Community Colleges and Workforce Development: Then and Now

Community Colleges and Workforce Development: Then and Now

Roch Turner
DOI: 10.4018/978-1-7998-4123-4.ch004
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Community colleges have played a significant role in the strength of America's workforce for over a century. Throughout the past one hundred years, the two-year college system has evolved into a significant contributor for economic strength and growth. The purpose of this chapter is to provide a historical analysis of the modern community college. In doing so, the reader will have a clear understanding of why and how a contemporary community college came into existence, as well as causal factors to its success. Following the historical analysis, this chapter will discuss the creation of a dental hygiene program at a rural two-year college. The intent is to give this chapter's reader insight to the process by which a community college creates workforce-based programming.
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As the nation’s labor needs evolve and increasingly transcend state and national boundaries, community colleges are poised to serve as a hub for workforce development. Consequently, scholarship that informs decision-making surrounding community colleges is becoming a need of critical importance. In order to understand the impact of community colleges in workforce development and education, one must first understand the historical context of community colleges in the United States. From a historical standpoint, community colleges have traditionally played very important roles in the education process. In large part the community college came about as the result of local initiatives to alleviate shortages in workforce needs. As a result, the national workforce shortage was addressed as well. Over time the need for skilled workers has increased dramatically. The result has been the creation of a system that necessarily responds to the needs of industry and students alike.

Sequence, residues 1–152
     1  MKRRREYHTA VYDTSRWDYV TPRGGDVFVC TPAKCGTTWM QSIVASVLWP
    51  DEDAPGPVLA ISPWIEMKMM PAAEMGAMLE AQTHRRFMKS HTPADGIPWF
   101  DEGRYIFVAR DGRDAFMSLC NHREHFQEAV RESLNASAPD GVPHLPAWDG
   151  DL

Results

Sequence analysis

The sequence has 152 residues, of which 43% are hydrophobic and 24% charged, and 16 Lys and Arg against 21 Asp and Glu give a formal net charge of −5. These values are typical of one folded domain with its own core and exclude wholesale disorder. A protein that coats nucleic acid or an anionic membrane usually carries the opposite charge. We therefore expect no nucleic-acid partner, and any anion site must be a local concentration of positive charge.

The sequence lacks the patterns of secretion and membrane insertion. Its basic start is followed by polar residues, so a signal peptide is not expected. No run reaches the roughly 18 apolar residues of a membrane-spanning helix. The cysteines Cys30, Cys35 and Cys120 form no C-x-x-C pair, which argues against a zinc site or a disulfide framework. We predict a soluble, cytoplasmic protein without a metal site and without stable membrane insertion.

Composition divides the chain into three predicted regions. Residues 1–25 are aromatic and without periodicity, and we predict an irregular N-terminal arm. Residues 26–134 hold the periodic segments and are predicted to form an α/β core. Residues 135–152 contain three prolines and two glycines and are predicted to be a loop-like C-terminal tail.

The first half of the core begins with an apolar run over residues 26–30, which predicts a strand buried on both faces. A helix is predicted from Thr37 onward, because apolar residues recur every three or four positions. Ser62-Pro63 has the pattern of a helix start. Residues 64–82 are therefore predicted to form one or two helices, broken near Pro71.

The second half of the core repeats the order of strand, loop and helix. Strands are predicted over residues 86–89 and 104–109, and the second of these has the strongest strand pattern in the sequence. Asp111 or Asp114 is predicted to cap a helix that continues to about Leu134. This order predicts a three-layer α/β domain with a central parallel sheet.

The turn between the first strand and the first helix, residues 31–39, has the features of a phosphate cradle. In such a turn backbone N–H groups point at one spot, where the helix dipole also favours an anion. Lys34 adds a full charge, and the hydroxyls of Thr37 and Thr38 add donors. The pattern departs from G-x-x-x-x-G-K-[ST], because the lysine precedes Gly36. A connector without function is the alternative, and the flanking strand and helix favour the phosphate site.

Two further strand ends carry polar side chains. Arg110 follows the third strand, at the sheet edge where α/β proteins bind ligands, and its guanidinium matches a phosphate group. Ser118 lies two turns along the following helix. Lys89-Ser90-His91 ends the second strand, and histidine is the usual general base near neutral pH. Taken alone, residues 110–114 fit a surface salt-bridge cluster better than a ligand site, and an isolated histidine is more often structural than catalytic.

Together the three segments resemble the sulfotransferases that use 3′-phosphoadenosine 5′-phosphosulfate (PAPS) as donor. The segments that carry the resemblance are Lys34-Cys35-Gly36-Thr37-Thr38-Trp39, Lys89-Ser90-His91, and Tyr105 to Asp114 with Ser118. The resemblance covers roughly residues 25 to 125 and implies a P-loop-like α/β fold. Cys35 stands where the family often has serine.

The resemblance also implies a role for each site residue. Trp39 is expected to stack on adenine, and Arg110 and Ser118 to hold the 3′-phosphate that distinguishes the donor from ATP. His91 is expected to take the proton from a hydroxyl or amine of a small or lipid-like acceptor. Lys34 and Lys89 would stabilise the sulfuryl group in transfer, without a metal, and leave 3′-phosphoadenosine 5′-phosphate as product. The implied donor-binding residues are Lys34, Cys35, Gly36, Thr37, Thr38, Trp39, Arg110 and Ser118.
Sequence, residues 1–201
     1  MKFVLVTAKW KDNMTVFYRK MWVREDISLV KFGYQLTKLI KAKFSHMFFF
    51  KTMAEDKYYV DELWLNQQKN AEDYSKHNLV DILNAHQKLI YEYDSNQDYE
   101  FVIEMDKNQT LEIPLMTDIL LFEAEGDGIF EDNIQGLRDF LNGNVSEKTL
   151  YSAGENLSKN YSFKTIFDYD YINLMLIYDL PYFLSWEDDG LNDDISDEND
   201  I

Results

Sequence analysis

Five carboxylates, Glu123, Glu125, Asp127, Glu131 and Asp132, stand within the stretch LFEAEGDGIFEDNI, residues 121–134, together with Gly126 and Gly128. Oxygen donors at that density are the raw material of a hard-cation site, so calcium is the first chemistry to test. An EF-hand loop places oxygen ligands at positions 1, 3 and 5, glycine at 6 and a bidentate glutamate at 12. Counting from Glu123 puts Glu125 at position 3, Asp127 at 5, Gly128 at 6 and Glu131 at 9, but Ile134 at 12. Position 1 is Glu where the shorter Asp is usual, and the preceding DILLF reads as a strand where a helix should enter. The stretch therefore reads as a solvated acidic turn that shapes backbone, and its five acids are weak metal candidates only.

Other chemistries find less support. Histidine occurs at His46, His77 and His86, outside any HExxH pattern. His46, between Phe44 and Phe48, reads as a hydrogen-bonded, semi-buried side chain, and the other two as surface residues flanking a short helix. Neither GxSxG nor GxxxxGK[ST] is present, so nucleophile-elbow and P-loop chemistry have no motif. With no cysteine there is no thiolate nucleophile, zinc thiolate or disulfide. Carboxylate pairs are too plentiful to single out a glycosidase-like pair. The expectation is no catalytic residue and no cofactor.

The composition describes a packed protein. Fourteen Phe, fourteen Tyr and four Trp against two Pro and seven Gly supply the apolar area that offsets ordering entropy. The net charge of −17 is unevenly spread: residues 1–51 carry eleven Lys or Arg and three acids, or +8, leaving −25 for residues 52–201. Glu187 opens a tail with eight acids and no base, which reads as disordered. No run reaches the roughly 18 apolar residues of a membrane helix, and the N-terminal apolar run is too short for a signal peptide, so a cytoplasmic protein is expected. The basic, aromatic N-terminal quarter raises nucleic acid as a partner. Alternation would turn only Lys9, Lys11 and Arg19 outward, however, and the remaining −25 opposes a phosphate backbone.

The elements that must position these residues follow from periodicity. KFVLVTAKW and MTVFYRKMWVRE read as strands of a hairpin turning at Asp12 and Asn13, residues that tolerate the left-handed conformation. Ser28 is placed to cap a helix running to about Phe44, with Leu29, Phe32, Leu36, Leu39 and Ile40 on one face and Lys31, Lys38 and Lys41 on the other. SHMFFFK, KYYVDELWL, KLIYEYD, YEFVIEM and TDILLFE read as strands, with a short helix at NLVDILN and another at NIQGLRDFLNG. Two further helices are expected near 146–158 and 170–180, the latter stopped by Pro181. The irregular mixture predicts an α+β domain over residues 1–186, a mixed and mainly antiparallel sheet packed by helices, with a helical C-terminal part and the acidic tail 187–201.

The utilization of community colleges has, in recent years, become part of a larger movement to alleviate workforce shortages. With the introduction of state and federal programs to specifically train workers, community colleges are now integral partners meeting industry needs. This has been made evident by the introduction of TAACCCT (Trade Adjustment, Assistance Community College and Career Training) grant established to retrain displaced workers. The result of TAACCCT grants, and others like it, has been a more connected community college system in states throughout the nation. However, the nature of community colleges vary based on factors such as urban vs. rural, size, and area demographics to name just a few. Therefore, the impact made by community colleges will vary as well. As a collective, community colleges are in a prime position to make meaningful and lasting contributions to the workforce, transforming the lives of their students and the success of industry partners.

The impact of community colleges in America has been further enhanced through the use of technological advances, allowing rural students a level of access that has not been realized in the past. The impact was twofold; bettering learning among students and creating greater access to workforce education. Through technology and innovative thinking, community colleges have expanded college access to high school students. Ultimately this has strengthened pathways to workforce education and occupations for rural and remote students on a scale never before seen in the United States. The introduction of early college coursework and concurrent enrollment has allowed high school students interested in entering the workforce an opportunity to gain relevant credentials and training necessary to make themselves marketable to industry leaders. This phenomenon was unlikely to ever have occurred at four-year institutions for a variety of reasons. In many ways, this new development might be the modern era’s most meaningful contribution to the history of community colleges in America.

This chapter provides a historical analysis of community colleges and their impact on the nation’s workforce. Understanding the historical framework of the community college is critical if one is to appreciate its impact on our modern workforce. Following the historical analysis, this chapter offers a case study for workforce program development from the institution where the author once worked.

Key Terms in this Chapter

Workforce Program: An academic program consisting of two years or less meant specifically to aid in workforce development.

Economic Development: The creation of jobs and business that result in the financial betterment of society at large.

Two-Year College: An institution of higher education focused on credit and non-credit bearing programs in duration of two years or less.

Industry Partner: A business or employment entity working closely with a community college for the creation of curriculum or source of employment for graduating students.

Workforce: Workers involved in the economic output of a county, state, or national economy in specific fields of employment.

Program Development: The creation of curricula that specifically addresses workforce needs at the community college level.

Curriculum: Specific elements of a course of study leading to a certificate or degree at a post-secondary institution.

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